IDWeek

IDWeek

Perspective from Eugene Shapiro, MD
Source:

Dalai SC, et al. Abstract 14. Presented at: IDWeek; Sept. 29-Oct. 3, 2021 (virtual meeting).

Disclosures: Dalai is employed by Adaptive Biotechnologies. Please see the abstract for all other authors’ relevant financial disclosures.
October 04, 2021
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Study evaluates T-cell testing for Lyme disease

Perspective from Eugene Shapiro, MD
Source:

Dalai SC, et al. Abstract 14. Presented at: IDWeek; Sept. 29-Oct. 3, 2021 (virtual meeting).

Disclosures: Dalai is employed by Adaptive Biotechnologies. Please see the abstract for all other authors’ relevant financial disclosures.
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T-cell testing was nearly twice as sensitive at identifying early Lyme disease compared with the standard two-tiered serologic testing and more than three times more sensitive in the first 4 days, researchers reported at IDWeek.

In 2019, the CDC recommended a new two-tier testing algorithm for Lyme disease — the most common vector-borne disease in the United States — that uses a second enzyme immunoassay in place of a western immunoblot assay.

Source: Adobe Stock.
Source: Adobe Stock.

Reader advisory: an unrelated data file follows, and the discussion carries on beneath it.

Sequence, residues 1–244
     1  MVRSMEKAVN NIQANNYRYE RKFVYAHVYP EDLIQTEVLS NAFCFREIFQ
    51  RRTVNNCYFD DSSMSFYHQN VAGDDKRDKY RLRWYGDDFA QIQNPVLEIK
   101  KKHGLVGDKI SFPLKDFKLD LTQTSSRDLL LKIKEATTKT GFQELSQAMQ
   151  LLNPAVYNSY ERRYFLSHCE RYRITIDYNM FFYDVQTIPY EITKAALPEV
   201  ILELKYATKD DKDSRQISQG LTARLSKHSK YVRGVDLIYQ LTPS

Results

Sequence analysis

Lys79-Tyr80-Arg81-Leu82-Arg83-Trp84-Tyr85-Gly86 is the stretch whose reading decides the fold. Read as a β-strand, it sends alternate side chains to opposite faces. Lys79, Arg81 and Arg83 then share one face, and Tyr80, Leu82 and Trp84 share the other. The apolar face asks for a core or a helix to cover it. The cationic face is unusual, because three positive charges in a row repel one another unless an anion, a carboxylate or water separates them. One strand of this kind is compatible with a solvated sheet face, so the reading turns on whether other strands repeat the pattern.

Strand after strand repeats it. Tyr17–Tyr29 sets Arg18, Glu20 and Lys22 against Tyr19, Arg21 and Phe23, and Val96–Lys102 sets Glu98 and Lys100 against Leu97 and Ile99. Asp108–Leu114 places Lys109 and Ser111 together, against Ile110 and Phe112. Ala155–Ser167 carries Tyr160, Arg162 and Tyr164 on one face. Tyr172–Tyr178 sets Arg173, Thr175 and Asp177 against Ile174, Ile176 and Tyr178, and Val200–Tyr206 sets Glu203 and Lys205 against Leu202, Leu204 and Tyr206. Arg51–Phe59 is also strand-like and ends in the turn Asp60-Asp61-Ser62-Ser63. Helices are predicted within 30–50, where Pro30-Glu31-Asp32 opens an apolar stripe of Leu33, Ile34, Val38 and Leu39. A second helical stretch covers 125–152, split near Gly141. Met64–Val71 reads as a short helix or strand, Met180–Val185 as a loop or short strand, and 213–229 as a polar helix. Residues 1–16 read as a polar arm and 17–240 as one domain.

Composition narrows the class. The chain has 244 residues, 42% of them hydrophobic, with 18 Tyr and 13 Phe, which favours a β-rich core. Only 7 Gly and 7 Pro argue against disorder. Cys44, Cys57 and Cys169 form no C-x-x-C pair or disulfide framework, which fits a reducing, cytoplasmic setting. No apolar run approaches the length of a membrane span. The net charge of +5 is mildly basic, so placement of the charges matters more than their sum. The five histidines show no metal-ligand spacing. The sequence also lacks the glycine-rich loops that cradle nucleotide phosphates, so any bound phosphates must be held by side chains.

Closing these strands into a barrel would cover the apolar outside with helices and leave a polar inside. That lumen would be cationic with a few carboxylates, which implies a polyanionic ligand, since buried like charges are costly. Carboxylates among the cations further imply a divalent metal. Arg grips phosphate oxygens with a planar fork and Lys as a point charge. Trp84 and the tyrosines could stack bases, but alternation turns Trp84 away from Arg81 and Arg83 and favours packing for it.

Principal investigator John Aucott, MD, director of the Johns Hopkins Lyme Disease Research Center; and investigators from the Bay Area Lyme Foundation and Adaptive Biotechnologies, including Sudeb C. Dalai, MD, PhD, senior medical director, collaborated on a diagnostic approach for Lyme disease based on the T-cell response to Borrelia burgdorferi.

They immunosequenced T-cell receptor repertoires in blood samples from three cohorts of patients with confirmed or clinically diagnosed early Lyme disease to identify 251 Lyme disease-associated T-cell receptors.

“Early diagnosis and treatment can prevent the development of severe illness and late manifestations of Lyme disease,” Dalai told Healio. “The sensitivity of standard 2-tiered testing (STTT), the current standard of care, varies between 25% and 50%, with particularly poor performance in the early days of infection.”

Using these T-cell receptors, the authors trained a classifier that identified early Lyme disease with 99% specificity, the researchers reported. Biologic specificity was evaluated by correlating T-cell receptors assay scores with clinical measures and mapping the antigen specificity of T-cell receptors with B. burgdorferi antigens, they said.

According to the researchers, T-cell receptor testing demonstrated a 1.9-fold increase in sensitivity compared with the two-tiered testing (56% vs. 30%) and a 3.1-fold increase in sensitivity within 4 days of symptom onset (44% vs. 14%).

“In individuals who were initially STTT-negative but ultimately converted to having a positive antibody test, 37% of them were identified as positive by T-cell testing prior to seroconversion, supporting previous observations that the T-cell response is detectable before the antibody response,” Dalai said.

According to the abstract, a subset of Lyme disease-associated T-cell receptors mapped to B. burgdorferi antigens, “demonstrating the high specificity” of T-cell-based testing.

“T-cell testing provides an alternative approach to measure the immune response to B. burgdorferi infection, especially in patients during the early stages of disease when STTT sensitivity is limited,” Dalai said.